Monday. 8.45 am.
First assembly for the winter term at Granley High.
I was sitting with Zainey when he leaned over to tell me something. ‘Hey, Dan!’
I knew it was going to be a joke because he was grinning. It was an ugly sight. Then his glasses fell off and landed on the floor.
‘Your spectacles, young man,’ I said, tossing them back. ‘Now, what did you wish to impart to my superior intelligence?’
Dan and Zainey are back in another adventure with the eyeball. This is the eyeball that caused them trouble in Sucked In, although Sucked Out works just fine as a standalone read. In Sucked Out the thought-to-be-destroyed eyeball reappears at school assembly. Havoc reigns when Grimmo, maths teacher, keels over on stage. The eyeball is loose at school and it’s after blood. Zainey is obsessed by the eyeball, despite the fact that it’s creepy and has caused heaps of trouble in the past. It cost him lots of money and he wants it back. Dan convinces Zainey that he needs help and together the pair, with a little help from Caro and the school cat, Fleabag, set about capturing the eyeball.
Sucked Out is a new title from Walker Book’s Lightning Strikes series. With fast-paced short novels, this series is designed for upper primary, early secondary readers, particularly reluctant readers. Dan is engaging and dry as narrator. He’s keen to help save his friend from the eyeball, but he’s not above a joke or two on the way. He’s a convincing young teenager as is his friend, Zainey, who has finally had a growth spurt but is still struggling to establish his identity. Caro, their friend, casts about on the edge of their friendship, a grounded, more mature character, who helps when their efforts fail. A fun read.
Sucked Out, John Parker
Walker Books 2010
Reviewed by Claire Saxby Children’s book author.
This book can be purchased online from Fishpond. Buying through this link supports Aussiereviews.
I took the eye out of my pocket and stared at it.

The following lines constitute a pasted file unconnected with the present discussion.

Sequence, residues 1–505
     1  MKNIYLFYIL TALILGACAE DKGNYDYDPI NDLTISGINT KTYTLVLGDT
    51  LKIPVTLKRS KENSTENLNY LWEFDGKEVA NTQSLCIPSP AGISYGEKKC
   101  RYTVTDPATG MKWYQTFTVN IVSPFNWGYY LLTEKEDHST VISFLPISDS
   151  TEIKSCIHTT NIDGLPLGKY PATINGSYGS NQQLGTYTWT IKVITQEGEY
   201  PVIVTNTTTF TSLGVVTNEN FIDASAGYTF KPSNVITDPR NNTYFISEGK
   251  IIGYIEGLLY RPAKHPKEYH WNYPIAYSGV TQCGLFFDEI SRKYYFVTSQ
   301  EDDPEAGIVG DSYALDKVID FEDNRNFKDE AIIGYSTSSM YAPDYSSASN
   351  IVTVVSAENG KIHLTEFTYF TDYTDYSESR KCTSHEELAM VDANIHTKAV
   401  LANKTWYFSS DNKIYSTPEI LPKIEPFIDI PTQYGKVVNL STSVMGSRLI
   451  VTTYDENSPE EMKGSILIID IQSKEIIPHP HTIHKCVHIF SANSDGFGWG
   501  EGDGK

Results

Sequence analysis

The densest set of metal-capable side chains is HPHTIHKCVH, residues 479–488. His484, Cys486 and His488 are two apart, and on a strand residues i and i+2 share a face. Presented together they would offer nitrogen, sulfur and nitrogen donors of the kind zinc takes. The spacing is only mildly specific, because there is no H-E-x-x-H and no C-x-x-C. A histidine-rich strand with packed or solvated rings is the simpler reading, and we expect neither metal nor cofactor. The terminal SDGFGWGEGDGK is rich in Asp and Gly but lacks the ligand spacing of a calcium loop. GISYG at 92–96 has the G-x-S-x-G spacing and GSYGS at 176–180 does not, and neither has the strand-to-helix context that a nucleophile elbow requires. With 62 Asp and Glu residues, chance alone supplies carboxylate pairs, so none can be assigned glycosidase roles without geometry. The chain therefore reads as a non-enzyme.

It wasn’t made out of glass, like a normal doll’s eye. But it wasn’t plastic either. And it wasn’t rubber.
I sniffed it. My hooter came up with the smell you get when you sit in the front seat of a brand-new car. But there was something else, too – something down, like the smell of rotten grass.
Whatever it was made of, I didn’t like the way the eye gazed at me.
When Dan finds out that his friend Zainey has sold his much-prized mountain bike to buy an eye, Dan thinks Zainey is crazy. After all, two hundred and twenty dollars for a fake eye HAS to be a rip off. But when the eye arrives in the mail, Dan soon realises it is no joke. There is something about the eye that unnerves him, and when the eye tries to attach itself to Dan, he realises that the eye is no joke. This eye is after blood.
Sucked In is a funny, slightly spooky tale of an out of control eye and a boy who will do whatever it takes to feel he belongs. Zainey is a short boy who suffers from low self-esteem, and is thus willing to try anything to feel a part of things – even if he has to resort to adding an extra eye so he can see what’s going on around him. Whilst the story is humorous, its messages about friendship and self-belief are important ones.
Part of Walker Books’ new Lightning Strikes series, Sucked In is attractively packaged and the shorter length and accessible text size and presentation will make it appealing to readers of all abilities.
Sucked In, by John Parker
Walker Books, 2008
Desi Detective is at home eating a ham and salad roll when her phone rings. Sharif Shopkeeper has a very important mystery for her to solve. Someone has stolen all the free jellybeans from Sharif’s jar! Desi is straight on the case and, in no time at all, has followed the clues and located the greedy thief.
Desi Detective Solves a Mystery is one of four titles in the Buzz Town series from brand new publisher Ibis. This one has the feel of a retro comic book, with its slapstick humour and narrative style. Desi carries a Catch-a-Burglar magnifying glass as she heads off to catch Lickface Larry, the bad-guy who quickly sees the error of his ways.
These simple stories are accompanied by suggestions for parents to help get children involved before, during and after reading and supported by online activities and printables at the Ibis website.
Desi Detective Solves a Mystery, by John Parker, illustrated by Russell Tate